A Welcome Escape Into Sargent’s Watercolor Magic


"Simplon Pass Reading," John Singer Sargent (American, 1856-1925) about 1911. Translucent watercolor and wax resist, over graphite one paper, Museum of Fine Arts, Boston. The Hayden Collection—Charles Henry Hayden Fund. Photograph Museum of Fine Arts, Boston.

“Simplon Pass Reading,” John Singer Sargent (American, 1856-1925) about 1911. Translucent watercolor and wax resist, over graphite one paper, Museum of Fine Arts, Boston. The Hayden Collection—Charles Henry Hayden Fund. Photograph Museum of Fine Arts, Boston.

By Anne W. Semmes
Sentinel Columnist

The Bruce Museum brought winter to a standstill two weeks ago with an outstanding immersion into the impressionistic watercolor magic of the American painter John Singer Sargent (1856—1925).

Bruce Museum director Peter Sutton, in his introduction of our speaker, Dr. Erica E. Hirshler, Croll senior curator of American paintings at Boston’s Museum of Fine Arts (MFA), spoke a bit wistfully about his earlier days as curator of European paintings working alongside Hirshler in that museum, rich as it is with the art of Sargent.

We are all familiar with Sargent’s grand portraiture—his Madame X portrait still stops people in their tracks at the Metropolitan Museum, but it was Sargent’s escape into watercolors we were treated to by Hirshler’s standing-room-only slide lecture. An early slide of Max Beerbohm’s cartoon showing Sargent peeping out of his London window at a lineup of lady dowagers in pursuit of their portraits showed full well his pressures.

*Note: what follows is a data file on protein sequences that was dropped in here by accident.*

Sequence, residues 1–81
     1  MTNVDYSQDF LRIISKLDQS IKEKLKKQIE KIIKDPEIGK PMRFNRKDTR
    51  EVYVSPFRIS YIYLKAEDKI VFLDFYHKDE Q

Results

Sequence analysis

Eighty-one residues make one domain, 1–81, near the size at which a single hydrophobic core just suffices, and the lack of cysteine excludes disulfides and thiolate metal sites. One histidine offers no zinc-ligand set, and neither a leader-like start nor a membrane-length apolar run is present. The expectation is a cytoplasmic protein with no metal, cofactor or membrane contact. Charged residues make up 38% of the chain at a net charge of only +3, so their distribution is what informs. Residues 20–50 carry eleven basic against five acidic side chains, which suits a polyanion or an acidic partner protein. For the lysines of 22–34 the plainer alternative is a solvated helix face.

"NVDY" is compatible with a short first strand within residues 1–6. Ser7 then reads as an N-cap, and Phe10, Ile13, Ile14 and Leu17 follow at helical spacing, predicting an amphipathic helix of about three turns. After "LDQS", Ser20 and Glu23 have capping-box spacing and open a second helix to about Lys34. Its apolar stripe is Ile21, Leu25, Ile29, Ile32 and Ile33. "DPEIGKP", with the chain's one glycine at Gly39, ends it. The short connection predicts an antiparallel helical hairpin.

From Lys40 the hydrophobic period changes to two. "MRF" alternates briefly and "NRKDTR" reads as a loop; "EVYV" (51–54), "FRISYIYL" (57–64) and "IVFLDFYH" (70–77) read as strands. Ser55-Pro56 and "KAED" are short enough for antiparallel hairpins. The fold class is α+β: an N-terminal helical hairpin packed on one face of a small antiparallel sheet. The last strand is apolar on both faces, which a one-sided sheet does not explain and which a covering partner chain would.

It was the outside world beckoning Sargent, landscapes that included alpine imagery and the mountainous far west of America. Being a sturdy fellow Sargent could place himself with his painting equipment anywhere he wished. Hirschler, full of glee over the Museum’s new and rare cache of photographs of Sargent at work in the field, showed us one of him seated with easel in a picturesque summer Alpine setting before a group of two females settled in their long dresses in the grass, with their umbrellas, one of them reading to the other.

Hirschler expounded on Sargent’s bravura brushwork seen in the voluminous skirt of the lady reading, the luminous washes of paint. And then there was the backstory of Sargent’s lovely young niece, Rose-Marie, looking toward the painter, whom he painted numerous times.

She was killed, aged 24, during World War I when the Germans bombed a Paris church where she was attending a Good Friday service. She had been working with soldiers blinded by gas during the war. Her death brought Sargent into the war and away from his escape in the American West.

He accepted a British Commission to paint the war. His extraordinary oil painting “Gassed,” which depicts a line of blinded soldiers, eyes bandaged, stumbling forward, can be seen in Britain’s Imperial War Museum.

Deborah Pierce Bonnell’s iPad artistry done during her residency at Weir Farm. (contributed photo)

Deborah Pierce Bonnell’s iPad artistry done during her residency at Weir Farm. (contributed photo)